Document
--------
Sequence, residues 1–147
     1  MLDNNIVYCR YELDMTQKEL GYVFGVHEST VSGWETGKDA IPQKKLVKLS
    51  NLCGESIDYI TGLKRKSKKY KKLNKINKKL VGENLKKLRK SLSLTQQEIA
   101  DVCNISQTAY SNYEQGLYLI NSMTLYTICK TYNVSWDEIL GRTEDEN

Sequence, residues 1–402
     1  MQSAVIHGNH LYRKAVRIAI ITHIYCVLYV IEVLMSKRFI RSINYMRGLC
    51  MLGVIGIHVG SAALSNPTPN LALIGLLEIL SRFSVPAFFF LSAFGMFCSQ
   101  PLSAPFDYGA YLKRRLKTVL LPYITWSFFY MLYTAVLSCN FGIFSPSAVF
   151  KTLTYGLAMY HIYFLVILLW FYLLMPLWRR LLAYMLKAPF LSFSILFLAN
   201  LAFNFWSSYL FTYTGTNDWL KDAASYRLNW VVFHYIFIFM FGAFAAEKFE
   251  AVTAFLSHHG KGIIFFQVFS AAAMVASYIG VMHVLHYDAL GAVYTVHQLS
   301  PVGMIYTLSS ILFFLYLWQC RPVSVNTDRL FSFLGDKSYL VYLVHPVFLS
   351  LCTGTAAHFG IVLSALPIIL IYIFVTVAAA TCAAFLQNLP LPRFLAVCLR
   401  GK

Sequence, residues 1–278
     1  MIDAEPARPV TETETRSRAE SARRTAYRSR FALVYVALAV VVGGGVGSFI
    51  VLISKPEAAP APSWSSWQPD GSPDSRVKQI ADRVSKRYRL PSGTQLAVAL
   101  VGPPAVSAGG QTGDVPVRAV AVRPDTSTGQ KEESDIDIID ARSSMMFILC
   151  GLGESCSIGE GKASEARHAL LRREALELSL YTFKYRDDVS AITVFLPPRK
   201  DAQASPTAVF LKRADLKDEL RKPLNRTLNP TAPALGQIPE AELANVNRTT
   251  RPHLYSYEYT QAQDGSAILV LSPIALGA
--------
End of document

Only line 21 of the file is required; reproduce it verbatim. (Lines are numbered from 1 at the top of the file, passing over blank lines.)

   251  RPHLYSYEYT QAQDGSAILV LSPIALGA